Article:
Miranda Neville has consistently proved to be one of those authors whose books have added value. I find her characters engaging and her stories interesting and intelligent, and I also find her fictional worlds places where I like to linger because they are always different in significant ways from the norm of historical romance. The Importance of Being Wicked is the first book in the Wild Quartet. I’m eager to see what’s next in the series.


How important do you think a sense of humor is in relationships? Is humor a quality you look for in fictional characters?

7 comments:

Nancy Northcott said...

Janga, I enjoy humor in fiction. I can enjoy a book that's dark, but humor is always welcome.

quantum said...

I have a couple of Neville's earlier books on my TBR following an earlier author interview.

Miranda is a charming English lass, educated at Oxford Univ, who really knows her history. I feel an affinity and really must make time to read her!

Humour is such a powerful tool in all walks of life. Invaluable for defusing tricky situations and lightening burdensome loads. I remember Khrushchev taking his shoe off and banging it on the table at an important international Conference. The English prime minister (Harold MacMillan) was speaking, and peering over his glasses requested a translation .... defusing a nasty incident!

Very difficult to write it successfully I think. But when it comes off, it can send the reader into orbit, particularly in the romance context. No-one does it better than Jennifer Crusie. LOL

irisheyes said...

I love humor in my romances! I agree with Q in that it is hard to write. When an author does it well it is magnificent, though.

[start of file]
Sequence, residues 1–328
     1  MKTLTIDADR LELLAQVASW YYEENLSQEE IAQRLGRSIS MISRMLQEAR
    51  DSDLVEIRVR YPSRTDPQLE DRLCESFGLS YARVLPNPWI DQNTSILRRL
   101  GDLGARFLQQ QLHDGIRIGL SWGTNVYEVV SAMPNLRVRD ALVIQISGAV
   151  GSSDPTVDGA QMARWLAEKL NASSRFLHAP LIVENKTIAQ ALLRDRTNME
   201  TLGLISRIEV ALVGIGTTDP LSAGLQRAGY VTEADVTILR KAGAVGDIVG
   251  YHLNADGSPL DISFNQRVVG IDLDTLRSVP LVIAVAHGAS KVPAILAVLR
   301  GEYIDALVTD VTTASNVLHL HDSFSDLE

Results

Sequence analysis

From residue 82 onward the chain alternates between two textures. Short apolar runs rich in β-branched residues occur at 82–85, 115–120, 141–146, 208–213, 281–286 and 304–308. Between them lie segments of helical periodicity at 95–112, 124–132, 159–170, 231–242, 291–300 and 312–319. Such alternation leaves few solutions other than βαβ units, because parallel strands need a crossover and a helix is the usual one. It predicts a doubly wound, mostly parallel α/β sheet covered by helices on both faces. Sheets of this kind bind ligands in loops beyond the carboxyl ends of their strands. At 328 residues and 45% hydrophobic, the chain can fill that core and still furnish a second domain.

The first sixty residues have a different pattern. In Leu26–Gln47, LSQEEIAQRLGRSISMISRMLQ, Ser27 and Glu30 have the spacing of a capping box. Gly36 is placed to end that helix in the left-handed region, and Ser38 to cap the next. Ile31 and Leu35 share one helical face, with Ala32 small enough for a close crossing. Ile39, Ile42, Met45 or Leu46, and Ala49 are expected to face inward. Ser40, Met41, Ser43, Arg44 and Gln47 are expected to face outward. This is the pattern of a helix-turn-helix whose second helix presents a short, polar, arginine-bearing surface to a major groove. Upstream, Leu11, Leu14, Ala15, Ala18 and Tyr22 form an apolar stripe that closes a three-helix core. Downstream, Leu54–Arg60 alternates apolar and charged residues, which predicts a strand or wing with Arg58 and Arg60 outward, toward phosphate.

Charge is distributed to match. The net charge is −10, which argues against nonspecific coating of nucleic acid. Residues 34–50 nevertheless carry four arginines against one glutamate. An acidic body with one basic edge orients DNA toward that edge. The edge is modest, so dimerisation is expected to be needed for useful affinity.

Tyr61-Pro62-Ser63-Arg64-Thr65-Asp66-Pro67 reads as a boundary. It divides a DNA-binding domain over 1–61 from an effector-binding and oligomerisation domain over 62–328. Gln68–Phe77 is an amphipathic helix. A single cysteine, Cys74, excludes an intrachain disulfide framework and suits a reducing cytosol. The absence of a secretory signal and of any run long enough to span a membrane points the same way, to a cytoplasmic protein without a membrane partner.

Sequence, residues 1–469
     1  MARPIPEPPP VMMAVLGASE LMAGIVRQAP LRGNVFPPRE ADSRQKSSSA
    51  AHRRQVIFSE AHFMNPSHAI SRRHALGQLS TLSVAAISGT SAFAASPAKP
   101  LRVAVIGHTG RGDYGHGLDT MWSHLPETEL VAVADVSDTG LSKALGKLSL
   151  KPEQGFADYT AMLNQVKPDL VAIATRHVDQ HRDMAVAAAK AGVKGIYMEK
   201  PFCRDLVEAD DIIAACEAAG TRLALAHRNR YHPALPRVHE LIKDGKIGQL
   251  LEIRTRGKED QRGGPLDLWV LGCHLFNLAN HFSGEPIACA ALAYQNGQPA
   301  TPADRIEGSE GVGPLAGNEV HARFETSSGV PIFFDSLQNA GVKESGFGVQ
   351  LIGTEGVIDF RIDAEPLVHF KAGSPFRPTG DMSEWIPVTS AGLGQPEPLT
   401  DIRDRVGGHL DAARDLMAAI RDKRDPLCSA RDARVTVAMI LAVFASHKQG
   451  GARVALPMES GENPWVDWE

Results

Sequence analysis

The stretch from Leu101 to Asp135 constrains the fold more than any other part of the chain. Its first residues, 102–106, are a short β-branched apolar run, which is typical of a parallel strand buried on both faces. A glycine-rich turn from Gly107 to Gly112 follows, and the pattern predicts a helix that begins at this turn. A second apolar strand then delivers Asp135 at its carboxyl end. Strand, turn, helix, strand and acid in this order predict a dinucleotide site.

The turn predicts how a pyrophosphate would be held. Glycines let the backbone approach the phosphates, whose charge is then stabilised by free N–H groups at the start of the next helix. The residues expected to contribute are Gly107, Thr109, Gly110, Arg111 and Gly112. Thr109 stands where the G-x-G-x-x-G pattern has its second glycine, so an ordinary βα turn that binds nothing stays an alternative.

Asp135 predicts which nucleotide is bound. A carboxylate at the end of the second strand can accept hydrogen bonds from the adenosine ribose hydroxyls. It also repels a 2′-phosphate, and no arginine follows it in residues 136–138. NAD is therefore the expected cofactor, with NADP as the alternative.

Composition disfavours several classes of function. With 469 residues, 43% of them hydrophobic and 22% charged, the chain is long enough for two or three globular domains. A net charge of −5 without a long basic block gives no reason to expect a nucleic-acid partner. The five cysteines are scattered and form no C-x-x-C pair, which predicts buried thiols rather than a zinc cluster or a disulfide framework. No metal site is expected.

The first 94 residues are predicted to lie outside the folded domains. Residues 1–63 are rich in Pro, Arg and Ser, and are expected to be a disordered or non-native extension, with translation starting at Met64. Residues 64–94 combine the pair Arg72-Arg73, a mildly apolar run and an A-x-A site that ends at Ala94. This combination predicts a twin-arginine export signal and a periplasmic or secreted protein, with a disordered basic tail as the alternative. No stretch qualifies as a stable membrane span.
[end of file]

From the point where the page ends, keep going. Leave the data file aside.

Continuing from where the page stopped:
A lot of my favorites can write a passage that brings me to tears on one page and laughter on the next. Susan Elizabeth Phillips, Jennifer Crusie, Lisa Kleypas, Julia Quinn just to name a few. And now that I think about it almost every one of my auto buy authors has some element of humor in their stories, even if they just make me smile with a turn of a phrase or a situation they put their characters in.

I just told my daughter the other day the most important aspect of any relationship is the ability to laugh together. Shared humor is the best!

Janga said...

Q, Neville has become one of my favorites. I always look forward to her books.

Crusie is great at humor. She's one I always reread when I need to laugh.

Janga said...
This comment has been removed by the author.
Janga said...

Nancy, so many of my favorites manage to combine angst and humor. While I've read some powerful books that are pretty much unrelieved darkness until the resolution, those books are very rarely the ones I want to reread again and again.

Janga said...

I love your list of those who can move you to laughter and tears, Irish. I'd add Eloisa James and Anne Gracie to my list. I think they both excel at covering a range of emotions in their books. That's one of the reasons they are both favorite rereads for me.